Business Law in Indiana

Businesses in every state are subject to local laws and regulations about how the business must be run. Some of the most important laws to understand for any prospective employer are those that relate to employment. Business law in Indiana has a number of special rules that any business owner who intends to employees must adhere to. Failing to follow these laws can lead to penalties and other legal repercussions for a business.

Unemployment Insurance Laws

A business is required under business law in Indiana to provide unemployment insurance to its workers. The purpose of unemployment insurance is to provide employees who lose their jobs through no fault of their own with a temporary replacement of wages. The question becomes, who is considered an employee?

An employee, according to Indiana business law, is anyone who works for you unless: they are not directed or controlled on how to perform their job, the work done is not related to the day-to-day business operations, or the worker is engaged in an independently establish profession. So long as the business employs at least one person for at least 20 weeks a year, it qualifies for this coverage.

Worker's Compensation Laws

Another type of coverage that is required under business law in Indiana is worker's compensation. The purpose of this is to provide workers who are injured or get sick due to something job-related with partial wages. The employer must obtain worker's compensation coverage from a private insurance company. In the event of an accident or serious illness that removes an employee from work for more than one day, the employer must file Indiana Worker's Compensation First Report of Employee Injury, Illness to begin the process of granting worker's compensation.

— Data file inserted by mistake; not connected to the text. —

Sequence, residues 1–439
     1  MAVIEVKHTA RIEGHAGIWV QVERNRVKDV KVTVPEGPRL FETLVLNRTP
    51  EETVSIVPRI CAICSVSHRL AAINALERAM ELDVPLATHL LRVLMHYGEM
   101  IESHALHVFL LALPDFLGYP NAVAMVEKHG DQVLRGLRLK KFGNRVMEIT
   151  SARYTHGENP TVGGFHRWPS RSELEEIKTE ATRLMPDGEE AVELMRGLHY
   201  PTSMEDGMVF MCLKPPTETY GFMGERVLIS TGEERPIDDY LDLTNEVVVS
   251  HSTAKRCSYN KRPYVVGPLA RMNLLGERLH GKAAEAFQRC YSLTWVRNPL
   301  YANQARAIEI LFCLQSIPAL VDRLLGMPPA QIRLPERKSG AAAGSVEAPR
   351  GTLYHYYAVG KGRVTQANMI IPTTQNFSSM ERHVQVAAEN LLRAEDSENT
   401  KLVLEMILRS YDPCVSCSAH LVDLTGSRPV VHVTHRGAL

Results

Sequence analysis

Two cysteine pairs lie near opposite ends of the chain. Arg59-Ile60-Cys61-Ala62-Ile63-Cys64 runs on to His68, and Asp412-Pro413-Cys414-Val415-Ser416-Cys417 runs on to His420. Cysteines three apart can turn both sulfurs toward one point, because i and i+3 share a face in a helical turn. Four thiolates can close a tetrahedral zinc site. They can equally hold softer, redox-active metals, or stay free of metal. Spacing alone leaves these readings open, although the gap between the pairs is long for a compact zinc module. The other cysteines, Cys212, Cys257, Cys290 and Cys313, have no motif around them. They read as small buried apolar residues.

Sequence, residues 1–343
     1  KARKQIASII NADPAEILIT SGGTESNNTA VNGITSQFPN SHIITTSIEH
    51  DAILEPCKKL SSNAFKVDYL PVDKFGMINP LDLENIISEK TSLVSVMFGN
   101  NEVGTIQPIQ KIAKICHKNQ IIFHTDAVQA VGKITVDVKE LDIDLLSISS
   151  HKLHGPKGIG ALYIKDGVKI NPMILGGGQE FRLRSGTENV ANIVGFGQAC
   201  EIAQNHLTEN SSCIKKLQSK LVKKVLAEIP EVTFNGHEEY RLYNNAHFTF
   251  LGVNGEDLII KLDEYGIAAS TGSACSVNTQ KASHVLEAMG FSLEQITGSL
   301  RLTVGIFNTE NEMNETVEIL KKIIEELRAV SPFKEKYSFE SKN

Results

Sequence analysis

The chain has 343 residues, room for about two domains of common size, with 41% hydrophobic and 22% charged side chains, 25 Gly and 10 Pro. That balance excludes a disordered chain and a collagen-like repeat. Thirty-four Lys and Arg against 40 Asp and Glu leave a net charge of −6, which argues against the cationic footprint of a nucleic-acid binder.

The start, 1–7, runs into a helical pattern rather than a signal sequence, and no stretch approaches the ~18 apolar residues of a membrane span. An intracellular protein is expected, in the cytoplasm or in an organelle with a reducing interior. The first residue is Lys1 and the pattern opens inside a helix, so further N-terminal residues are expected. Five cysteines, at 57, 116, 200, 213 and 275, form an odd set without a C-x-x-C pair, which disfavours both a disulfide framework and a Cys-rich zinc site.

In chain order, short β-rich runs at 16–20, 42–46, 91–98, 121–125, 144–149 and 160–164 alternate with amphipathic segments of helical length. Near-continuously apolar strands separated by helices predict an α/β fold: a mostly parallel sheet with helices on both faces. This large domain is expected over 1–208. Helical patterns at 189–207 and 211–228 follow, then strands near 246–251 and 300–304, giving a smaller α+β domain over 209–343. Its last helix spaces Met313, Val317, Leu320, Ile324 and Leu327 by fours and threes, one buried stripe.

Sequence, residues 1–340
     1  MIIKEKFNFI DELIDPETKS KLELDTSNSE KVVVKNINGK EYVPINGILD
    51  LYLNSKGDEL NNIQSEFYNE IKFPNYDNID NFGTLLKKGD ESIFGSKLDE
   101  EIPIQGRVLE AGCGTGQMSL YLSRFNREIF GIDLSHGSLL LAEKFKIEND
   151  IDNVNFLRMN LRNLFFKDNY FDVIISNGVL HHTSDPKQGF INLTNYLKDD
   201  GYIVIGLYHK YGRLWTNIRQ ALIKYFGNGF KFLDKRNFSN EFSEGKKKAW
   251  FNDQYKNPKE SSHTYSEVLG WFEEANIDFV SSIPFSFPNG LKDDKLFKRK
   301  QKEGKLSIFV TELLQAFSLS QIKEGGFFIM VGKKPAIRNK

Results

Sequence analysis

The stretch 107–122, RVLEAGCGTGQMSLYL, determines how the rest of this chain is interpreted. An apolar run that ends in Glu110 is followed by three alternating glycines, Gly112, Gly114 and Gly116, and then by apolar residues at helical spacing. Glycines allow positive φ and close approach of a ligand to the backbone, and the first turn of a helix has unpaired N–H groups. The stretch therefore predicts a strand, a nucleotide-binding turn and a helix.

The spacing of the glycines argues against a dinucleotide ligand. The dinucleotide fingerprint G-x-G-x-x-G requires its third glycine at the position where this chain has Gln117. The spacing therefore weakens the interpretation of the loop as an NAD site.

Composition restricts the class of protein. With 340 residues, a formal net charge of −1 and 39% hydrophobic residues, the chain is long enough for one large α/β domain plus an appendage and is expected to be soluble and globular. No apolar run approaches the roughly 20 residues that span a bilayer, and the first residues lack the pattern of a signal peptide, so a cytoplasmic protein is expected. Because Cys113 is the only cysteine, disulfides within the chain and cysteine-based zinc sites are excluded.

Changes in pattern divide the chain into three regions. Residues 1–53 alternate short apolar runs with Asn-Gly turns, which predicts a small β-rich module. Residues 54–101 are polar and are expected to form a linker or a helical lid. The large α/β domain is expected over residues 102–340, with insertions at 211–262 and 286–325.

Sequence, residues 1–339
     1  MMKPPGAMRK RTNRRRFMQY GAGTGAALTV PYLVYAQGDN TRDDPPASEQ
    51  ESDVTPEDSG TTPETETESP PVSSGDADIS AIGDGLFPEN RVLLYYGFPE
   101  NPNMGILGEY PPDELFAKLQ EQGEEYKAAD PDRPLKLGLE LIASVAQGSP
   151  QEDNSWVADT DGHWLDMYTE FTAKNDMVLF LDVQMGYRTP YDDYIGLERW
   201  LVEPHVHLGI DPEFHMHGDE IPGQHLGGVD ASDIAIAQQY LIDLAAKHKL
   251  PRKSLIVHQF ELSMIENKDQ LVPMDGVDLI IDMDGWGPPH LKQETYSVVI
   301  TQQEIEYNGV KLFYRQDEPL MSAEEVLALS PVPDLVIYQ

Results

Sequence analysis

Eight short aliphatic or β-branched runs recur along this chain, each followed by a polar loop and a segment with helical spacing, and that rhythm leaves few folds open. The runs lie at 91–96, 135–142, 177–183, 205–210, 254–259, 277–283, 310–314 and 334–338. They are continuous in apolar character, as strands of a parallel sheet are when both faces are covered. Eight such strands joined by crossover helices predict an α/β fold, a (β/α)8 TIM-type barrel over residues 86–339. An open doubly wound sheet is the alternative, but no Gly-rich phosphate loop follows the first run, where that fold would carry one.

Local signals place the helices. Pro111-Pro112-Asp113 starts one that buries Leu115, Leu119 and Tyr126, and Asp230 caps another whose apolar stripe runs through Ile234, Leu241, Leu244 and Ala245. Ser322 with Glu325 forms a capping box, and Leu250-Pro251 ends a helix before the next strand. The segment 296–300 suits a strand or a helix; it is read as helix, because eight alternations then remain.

Hiring Regulations Under Business Law in Indiana

Business law in Indiana also maintains additional regulations and restrictions that must be followed to remain in business in the state. The Indiana Occupational Safety and Health Act, or IOSHA, is a set of regulations put in place to protect workers by ensuring that a safe and healthy workplace is maintained. Failure to adhere to IOSHA standards could result in fines or a shutdown of the business.

Indiana enforces policies of anti-discrimination. According to business law in Indiana, it is illegal for a business to refuse to hire a person or promote them based on their race, sex, nationality, religion, sexual orientation, age, or any disabilities. Discriminatory hiring practices can result in penalties, and victims of such practices may be entitled to civil action against the business.

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